HHS’s Newly Updated Security Risk Assessment Tool Helps Entities Better Protect Electronic Health Information
November 2, 2023
In September, the U.S. Department of Health and Human Services Office for Civil Rights and Office of the National Coordinator for Health Information Technology announced the release of an updated Security Risk Assessment Tool. The tool is designed to make it easier for entities and business associates covered under HIPAA to understand and remediate risks to electronic health information.
In an effort to assist small and medium-sized entities covered under the Health Insurance Portability and Accountability Act (HIPAA) understand and remediate risks to electronic health information, in September, the U.S. Department of Health and Human Services (HHS) Office for Civil Rights (OCR) and Office of the National Coordinator for Health Information Technology (ONC) announced the release of an updated tool.
According to OCR and ONC, the updated Security Risk Assessment (SRA) Tool assists users in meeting their responsibility to protect electronic health information under the HIPAA Security Rule and its risk analysis provision. The update comes amid continued efforts from OCR to ensure compliance with the Security Rule through enforcement actions and proactive measures, such as educating covered entities on best practices for safeguarding health information.
HIPAA’s Security Rule risk analysis provision requires covered entities and business associates to conduct “an accurate and thorough assessment of the potential risks and vulnerabilities to the confidentiality, integrity, and availability” of their electronic protected health information (e-PHI). Many state, county, and local health departments are HIPAA covered entities and therefore are subject to the Security Rule and must conduct an accurate enterprise-wide risk analysis under this provision.
According to the SRA Tool user guide, the tool is a free, interactive program that guides users through a series of questions about basic security practices, security failures, risk management, and personnel issues. The tool indicates whether corrective action is appropriate based on users’ answers. Among other changes, the updated version includes a new “Remediation Report” feature for documenting plans to remediate risks identified by the tool.
As explained in the user guide, the Remediation Report identifies all questions answered in a manner indicating risk and provides a space for documenting appropriate corrective action. For example, if a health department’s answers indicate that it lacks procedures for reviewing access to systems containing e-PHI, the Remediation Report provides a space for recording plans to implement appropriate procedures, identifying a target due date for remediation activity, and tracking completion. The new version additionally includes an interactive glossary of terms and integrates information from the Health Industry Cybersecurity Practices Technical Volume 1, a compilation of health care cybersecurity practices developed for small organizations by HHS.
The release of the updated SRA Tool follows several recent enforcement actions brought against covered entities by OCR for noncompliance with the Security Rule and the risk analysis provision in particular. In September 2023, OCR entered into a settlement agreement with a publicly operated health plan to resolve potential violations of the Security Rule, including a “failure to conduct an accurate and thorough risk analysis.” The health plan agreed to pay $1.3 million and to conduct a risk analysis as part of a corrective action plan.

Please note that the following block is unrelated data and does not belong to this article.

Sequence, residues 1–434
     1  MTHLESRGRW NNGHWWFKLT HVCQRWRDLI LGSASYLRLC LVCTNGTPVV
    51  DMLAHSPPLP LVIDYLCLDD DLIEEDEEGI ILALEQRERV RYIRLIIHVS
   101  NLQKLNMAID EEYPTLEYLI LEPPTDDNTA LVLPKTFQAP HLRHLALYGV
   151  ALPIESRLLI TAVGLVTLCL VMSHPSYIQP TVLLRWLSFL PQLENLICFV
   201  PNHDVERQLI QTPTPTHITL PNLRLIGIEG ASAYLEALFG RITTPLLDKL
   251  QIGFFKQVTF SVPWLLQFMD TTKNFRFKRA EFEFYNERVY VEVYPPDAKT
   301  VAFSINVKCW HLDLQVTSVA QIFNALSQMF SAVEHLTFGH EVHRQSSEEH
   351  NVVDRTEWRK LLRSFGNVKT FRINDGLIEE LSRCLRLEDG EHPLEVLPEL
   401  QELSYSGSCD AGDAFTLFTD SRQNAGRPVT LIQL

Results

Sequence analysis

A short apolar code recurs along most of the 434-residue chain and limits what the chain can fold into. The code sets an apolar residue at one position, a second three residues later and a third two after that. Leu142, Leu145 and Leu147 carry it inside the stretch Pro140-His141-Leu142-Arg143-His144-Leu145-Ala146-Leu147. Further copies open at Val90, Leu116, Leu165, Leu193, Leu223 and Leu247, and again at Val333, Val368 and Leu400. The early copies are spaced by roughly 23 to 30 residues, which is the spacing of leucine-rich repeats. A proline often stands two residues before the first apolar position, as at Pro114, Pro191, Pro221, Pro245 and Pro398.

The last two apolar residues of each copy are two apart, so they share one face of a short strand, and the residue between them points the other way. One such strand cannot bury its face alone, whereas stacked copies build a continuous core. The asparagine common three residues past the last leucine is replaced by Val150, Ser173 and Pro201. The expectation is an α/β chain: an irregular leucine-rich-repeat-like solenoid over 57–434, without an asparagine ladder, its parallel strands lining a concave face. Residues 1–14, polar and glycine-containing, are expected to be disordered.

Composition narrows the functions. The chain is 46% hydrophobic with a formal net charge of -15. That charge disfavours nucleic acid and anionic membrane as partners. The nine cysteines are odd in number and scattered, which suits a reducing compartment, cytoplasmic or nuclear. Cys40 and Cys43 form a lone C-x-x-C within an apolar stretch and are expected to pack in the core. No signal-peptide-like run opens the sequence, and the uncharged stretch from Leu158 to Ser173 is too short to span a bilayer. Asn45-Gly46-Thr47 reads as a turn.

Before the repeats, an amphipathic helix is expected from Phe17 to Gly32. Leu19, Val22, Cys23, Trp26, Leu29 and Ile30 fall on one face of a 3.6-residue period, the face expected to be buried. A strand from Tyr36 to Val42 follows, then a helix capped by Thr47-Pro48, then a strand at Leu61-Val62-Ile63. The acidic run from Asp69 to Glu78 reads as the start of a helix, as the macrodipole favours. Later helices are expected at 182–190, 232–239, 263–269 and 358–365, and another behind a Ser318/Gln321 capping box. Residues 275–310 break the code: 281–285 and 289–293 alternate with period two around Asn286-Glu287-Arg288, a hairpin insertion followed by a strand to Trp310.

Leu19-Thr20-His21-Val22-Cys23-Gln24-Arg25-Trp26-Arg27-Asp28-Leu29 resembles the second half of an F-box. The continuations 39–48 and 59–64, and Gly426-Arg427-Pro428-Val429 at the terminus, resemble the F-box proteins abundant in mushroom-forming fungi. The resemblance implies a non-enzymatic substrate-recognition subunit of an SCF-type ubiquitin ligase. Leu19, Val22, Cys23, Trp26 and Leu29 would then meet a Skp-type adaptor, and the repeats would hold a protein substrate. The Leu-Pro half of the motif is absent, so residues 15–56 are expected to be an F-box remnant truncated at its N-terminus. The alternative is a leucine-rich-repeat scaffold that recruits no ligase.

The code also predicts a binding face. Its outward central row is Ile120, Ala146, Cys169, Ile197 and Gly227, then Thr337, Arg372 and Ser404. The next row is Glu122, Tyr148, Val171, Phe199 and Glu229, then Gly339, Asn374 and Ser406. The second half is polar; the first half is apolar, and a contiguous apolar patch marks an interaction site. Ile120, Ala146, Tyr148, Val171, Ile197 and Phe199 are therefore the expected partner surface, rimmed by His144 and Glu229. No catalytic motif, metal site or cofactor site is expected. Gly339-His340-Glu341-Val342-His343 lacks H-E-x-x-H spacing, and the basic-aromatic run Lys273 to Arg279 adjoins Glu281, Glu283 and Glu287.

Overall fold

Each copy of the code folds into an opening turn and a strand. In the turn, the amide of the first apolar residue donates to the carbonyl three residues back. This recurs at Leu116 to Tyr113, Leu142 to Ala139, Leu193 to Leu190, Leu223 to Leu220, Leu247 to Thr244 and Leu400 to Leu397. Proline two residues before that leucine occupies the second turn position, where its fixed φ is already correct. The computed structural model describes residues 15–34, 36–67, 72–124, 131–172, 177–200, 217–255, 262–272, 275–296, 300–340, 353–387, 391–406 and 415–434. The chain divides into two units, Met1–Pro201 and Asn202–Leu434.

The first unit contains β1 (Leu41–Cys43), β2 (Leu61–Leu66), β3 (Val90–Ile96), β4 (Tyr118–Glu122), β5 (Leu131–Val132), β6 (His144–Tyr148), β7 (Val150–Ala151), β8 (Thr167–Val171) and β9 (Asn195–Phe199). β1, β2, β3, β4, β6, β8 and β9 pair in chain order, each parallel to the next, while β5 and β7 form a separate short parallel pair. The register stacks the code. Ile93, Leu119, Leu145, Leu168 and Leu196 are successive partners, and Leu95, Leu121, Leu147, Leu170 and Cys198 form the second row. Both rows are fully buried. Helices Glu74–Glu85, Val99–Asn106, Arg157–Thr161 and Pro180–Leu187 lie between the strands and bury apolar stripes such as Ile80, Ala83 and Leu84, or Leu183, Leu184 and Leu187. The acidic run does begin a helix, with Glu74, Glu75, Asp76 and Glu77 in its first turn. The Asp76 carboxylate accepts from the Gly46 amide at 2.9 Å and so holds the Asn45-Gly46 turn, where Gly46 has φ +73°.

In recent years, health departments have also been the subject of Security Rule enforcement actions involving noncompliance with the risk analysis provision. A city health department, for example, entered into a settlement agreement with OCR following a 2017 breach of e-PHI. In its investigation of the incident, OCR determined that the health department failed to conduct a risk analysis, as required by the Security Rule, resulting in unmitigated vulnerabilities. The health department agreed to implement a corrective action plan, under which it would conduct a “comprehensive and thorough Risk Analysis of the potential risks and vulnerabilities to the confidentiality, integrity, and availability of [e-PHI].”
These and other enforcement actions highlight the difficulty faced by some organizations in fulfilling their obligations to safeguard e-PHI. In the overview of the updated risk analysis tool, OCR and ONC recognize that many small and medium-sized organizations have limited budgets, resources, and staff to conduct assessments of constantly evolving risks. Because it provides a free method for conducting a risk analysis, the SRA Tool may be a valuable resource for such entities for whom compliance with the risk analysis standard is burdensome. However, as the SRA Tool is designed for small to medium-sized entities, it may be of limited utility for larger entities, such as larger health departments with a greater number of devices and more complex systems.
The Network has developed additional resources to support entities in complying with HIPAA and protecting individuals’ health information while utilizing data to advance public health. More information from OCR and ONC on the updated risk analysis tool is available here.
This post was written by Emma Kaeser, Staff Attorney, Network for Public Health Law – Mid-States Region. The Network for Public Health Law provides information and technical assistance on issues related to public health.
The legal information and assistance provided in this document do not constitute legal advice or legal representation. For legal advice, readers should consult a lawyer in their state. Support for the Network is provided by the Robert Wood Johnson Foundation (RWJF). The views expressed in this post do not represent the views of (and should not be attributed to) RWJF.